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Carole Copeland Thomas

Motivational speaker and business consultant Carole Copeland Thomas was born on August 21, 1953 in Detroit, Michigan. Thomas graduated from Cass Technical High School in Detroit, Michigan, and went on to earn her B.A. degree in music, with honors, from Emory University in Atlanta, Georgia in 1975. Thomas enrolled at Northeastern University, in Boston, Massachusetts, on a Martin Luther King, Jr. academic fellowship, earning her M.B.A. degree in 1985.

Thomas began her career working in sales for Mary Kay Cosmetics, eventually becoming an independent sales director in 1975. Thomas moved to Boston with her then husband and family, working for the Bank of New England and The Gillette Company as an assistant product manager. Thomas founded Temporary Solutions, a temporary employment agency, in 1987. By 1989, the agency had grown into a full service speaking, training, and facilitation company called C. Thomas and Associates, specializing in diversity, multicultural, leadership, and empowerment issues. Thomas served as a town coordinator for Governor Deval Patrick’s 2006 campaign. In 2008, Thomas started The Multicultural Symposium Series (MSS), a face to face, online, and on the air initiative designed to advance the cause of multiculturalism. She hosted the weekly radio talk show “Focus on Empowerment” on Boston’s WILD 1090 AM radio, and subsequently on WBNW 1120 AM and Internet radio, from 2003 to 2009. Thomas has spoken at the Federal Highway Administration, SHRM, Hewlett Packard, Verizon, and Cargill, and

Thomas authored several books, including 21 Ways To Bring Multiculturalism To Your Job Your Home and Your Community and Real Women, Real Issues: Positive Collaborations for Business Success. She also served as the executive coach for the Essence Magazine Leadership Summit. Thomas became a life member of the National Black MBA Association in 1986, serving as president of the Boston Chapter, national vice chair, and a co-founder of the Leaders of Tomorrow program. She served as the Tri State coordinator for Delta Sigma Theta Sorority, and as the chair of the Multicultural Committee for the Greater Boston Convention and Visitors Bureau. Thomas also served as an adjunct professor at Bentley University.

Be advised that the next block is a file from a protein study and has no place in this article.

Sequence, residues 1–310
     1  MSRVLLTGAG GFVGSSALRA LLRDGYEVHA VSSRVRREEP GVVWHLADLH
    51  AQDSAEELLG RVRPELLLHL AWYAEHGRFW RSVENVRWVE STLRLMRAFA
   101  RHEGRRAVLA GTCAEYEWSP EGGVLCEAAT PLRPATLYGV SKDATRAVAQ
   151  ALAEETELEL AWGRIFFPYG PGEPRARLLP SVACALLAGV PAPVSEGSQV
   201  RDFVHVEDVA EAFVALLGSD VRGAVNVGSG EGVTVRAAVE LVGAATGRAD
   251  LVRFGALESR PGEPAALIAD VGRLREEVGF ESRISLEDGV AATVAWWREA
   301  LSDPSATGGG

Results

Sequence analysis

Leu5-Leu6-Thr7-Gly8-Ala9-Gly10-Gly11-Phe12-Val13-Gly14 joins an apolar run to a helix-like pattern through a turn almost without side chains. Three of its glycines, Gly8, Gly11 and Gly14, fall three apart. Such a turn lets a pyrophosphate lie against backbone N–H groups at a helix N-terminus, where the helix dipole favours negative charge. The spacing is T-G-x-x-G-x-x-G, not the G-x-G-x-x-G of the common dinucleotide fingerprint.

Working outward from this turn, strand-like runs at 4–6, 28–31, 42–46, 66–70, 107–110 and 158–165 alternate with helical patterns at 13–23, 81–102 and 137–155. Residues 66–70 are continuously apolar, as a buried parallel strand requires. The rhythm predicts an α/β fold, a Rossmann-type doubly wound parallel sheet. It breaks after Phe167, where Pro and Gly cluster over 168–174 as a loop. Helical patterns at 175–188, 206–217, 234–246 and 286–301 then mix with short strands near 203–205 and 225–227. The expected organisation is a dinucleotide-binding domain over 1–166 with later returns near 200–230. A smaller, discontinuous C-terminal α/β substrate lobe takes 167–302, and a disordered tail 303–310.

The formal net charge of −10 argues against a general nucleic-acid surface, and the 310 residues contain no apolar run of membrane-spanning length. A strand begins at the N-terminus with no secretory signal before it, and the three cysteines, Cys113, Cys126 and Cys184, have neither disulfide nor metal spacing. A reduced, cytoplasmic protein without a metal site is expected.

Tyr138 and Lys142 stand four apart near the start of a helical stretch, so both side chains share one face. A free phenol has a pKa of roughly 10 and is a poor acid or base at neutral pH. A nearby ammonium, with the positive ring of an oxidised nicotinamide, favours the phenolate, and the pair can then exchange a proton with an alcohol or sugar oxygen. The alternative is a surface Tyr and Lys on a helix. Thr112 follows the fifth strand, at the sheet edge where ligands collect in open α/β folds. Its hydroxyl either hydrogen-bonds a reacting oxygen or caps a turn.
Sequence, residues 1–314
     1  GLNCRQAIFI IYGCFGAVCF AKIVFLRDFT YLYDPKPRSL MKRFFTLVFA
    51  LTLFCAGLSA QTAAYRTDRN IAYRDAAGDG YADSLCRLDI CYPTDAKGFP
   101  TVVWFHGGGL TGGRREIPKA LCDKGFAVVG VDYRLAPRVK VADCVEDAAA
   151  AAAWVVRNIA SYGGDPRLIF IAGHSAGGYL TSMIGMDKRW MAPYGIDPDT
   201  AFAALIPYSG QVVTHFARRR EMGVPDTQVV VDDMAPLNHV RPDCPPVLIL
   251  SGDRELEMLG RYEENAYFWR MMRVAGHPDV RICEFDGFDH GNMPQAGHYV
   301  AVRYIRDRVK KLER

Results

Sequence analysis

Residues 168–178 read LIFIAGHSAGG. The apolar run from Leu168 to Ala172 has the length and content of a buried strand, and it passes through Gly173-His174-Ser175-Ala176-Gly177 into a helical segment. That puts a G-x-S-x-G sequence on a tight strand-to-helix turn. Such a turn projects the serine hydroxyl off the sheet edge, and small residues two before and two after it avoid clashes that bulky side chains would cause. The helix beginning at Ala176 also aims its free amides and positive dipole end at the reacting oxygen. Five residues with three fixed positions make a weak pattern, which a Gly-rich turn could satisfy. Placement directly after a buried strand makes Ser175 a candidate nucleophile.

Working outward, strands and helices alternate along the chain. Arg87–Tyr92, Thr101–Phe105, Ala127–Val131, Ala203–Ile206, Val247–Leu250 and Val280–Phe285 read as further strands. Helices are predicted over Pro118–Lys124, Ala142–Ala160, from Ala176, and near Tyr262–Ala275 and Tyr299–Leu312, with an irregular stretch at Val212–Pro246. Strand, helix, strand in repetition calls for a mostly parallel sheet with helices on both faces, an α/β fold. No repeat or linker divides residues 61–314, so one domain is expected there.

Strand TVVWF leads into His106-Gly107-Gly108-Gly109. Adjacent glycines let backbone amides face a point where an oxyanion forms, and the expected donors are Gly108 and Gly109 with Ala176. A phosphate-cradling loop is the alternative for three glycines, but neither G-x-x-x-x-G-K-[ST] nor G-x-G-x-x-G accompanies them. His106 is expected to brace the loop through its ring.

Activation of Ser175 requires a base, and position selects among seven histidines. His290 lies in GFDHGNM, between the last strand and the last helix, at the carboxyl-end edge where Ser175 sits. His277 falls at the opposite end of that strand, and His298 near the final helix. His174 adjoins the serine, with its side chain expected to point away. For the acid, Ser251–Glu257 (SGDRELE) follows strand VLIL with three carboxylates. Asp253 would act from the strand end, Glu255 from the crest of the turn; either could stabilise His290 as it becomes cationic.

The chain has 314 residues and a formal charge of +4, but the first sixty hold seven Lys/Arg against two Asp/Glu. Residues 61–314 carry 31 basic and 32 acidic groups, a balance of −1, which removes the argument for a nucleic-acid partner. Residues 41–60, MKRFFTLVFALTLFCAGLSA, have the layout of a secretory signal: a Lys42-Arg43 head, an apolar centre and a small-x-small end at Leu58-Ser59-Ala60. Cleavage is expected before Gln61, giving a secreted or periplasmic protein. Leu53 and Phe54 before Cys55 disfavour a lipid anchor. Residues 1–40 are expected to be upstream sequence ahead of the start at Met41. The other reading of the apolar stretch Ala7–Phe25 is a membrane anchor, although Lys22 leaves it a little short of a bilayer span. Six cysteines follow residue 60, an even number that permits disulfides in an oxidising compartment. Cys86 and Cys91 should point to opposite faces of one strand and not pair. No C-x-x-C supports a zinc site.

Thomas has three children: Lorna, Michelle, and the late Mickarl, as well as two grandchildren, Julianna and Gabrielle.

Carole Copeland Thomas was interviewed by The HistoryMakers on October 18, 2016.

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Interview Date



Last Name


Maker Category

Emory University

Northeastern University

Cass Technical High School

Beaubien Middle School

Vandenberg Elementary School

George N. Brady Elementary School

First Name

Carole Copeland

Birth City, State, Country




Favorite Season




Favorite Vacation Destination

Mombasa, Kenya

Favorite Quote

Those Who Cannot Learn From History Are Doomed To Repeat It.

Bio Photo
Speakers Bureau Region State


Interview Description
Birth Date


Birth Place Term
Speakers Bureau Region City




Favorite Food


Short Description

Motivational speaker and business consultant Carole Copeland Thomas (1953 – ) founded the temporary employment agency Temporary Solutions in 1987, which grew into C. Thomas and Associates, a full service speaking, training, and facilitation company.


C Thomas & Associates

Mary Kay Inc


Favorite Color


Timing Pairs

<a href="">Tape: 1 Story: 1 - Slating of Carole Copeland Thomas' interview</a>

<a href="">Tape: 1 Story: 2 - Carole Copeland Thomas lists her favorites</a>

<a href="">Tape: 1 Story: 3 - Carole Copeland Thomas describes her mother's family background, pt. 1</a>

<a href="">Tape: 1 Story: 4 - Carole Copeland Thomas describes her mother's family background, pt. 2</a>

<a href="">Tape: 1 Story: 5 - Carole Copeland Thomas describes her mother's family background, pt. 3</a>

<a href="">Tape: 1 Story: 6 - Carole Copeland Thomas remembers her maternal grandfather</a>

<a href="">Tape: 1 Story: 7 - Carole Copeland Thomas talks about her mother's upbringing in Detroit, Michigan</a>

<a href="">Tape: 1 Story: 8 - Carole Copeland Thomas describes her father's family background</a>

<a href="">Tape: 2 Story: 1 - Carole Copeland Thomas talks about her father's education</a>

<a href="">Tape: 2 Story: 2 - Carole Copeland Thomas describes her father experiences as a Tuskegee Airman</a>

<a href="">Tape: 2 Story: 3 - Carole Copeland Thomas describes how her parents met</a>

<a href="">Tape: 2 Story: 4 - Carole Copeland Thomas remembers her parent's careers</a>

<a href="">Tape: 2 Story: 5 - Carole Copeland Thomas talks about her father's relocation to Ghana</a>

<a href="">Tape: 2 Story: 6 - Carole Copeland Thomas describes her parents' personalities and who she takes after</a>

<a href="">Tape: 2 Story: 7 - Carole Copeland Thomas talks about her brother</a>

<a href="">Tape: 2 Story: 8 - Carole Copeland Thomas describes the sights, sounds and smells of her childhood</a>

<a href="">Tape: 2 Story: 9 - Carole Copeland Thomas describes her neighborhood in Detroit, Michigan</a>

<a href="">Tape: 3 Story: 1 - Carole Copeland Thomas describes her schooling in Detroit, Michigan</a>

<a href="">Tape: 3 Story: 2 - Carole Copeland Thomas describes her childhood activities</a>

<a href="">Tape: 3 Story: 3 - Carole Copeland Thomas remembers the riots in Detroit, Michigan</a>

<a href="">Tape: 3 Story: 4 - Carole Copeland Thomas talks about the emergence of gangs in Detroit, Michigan</a>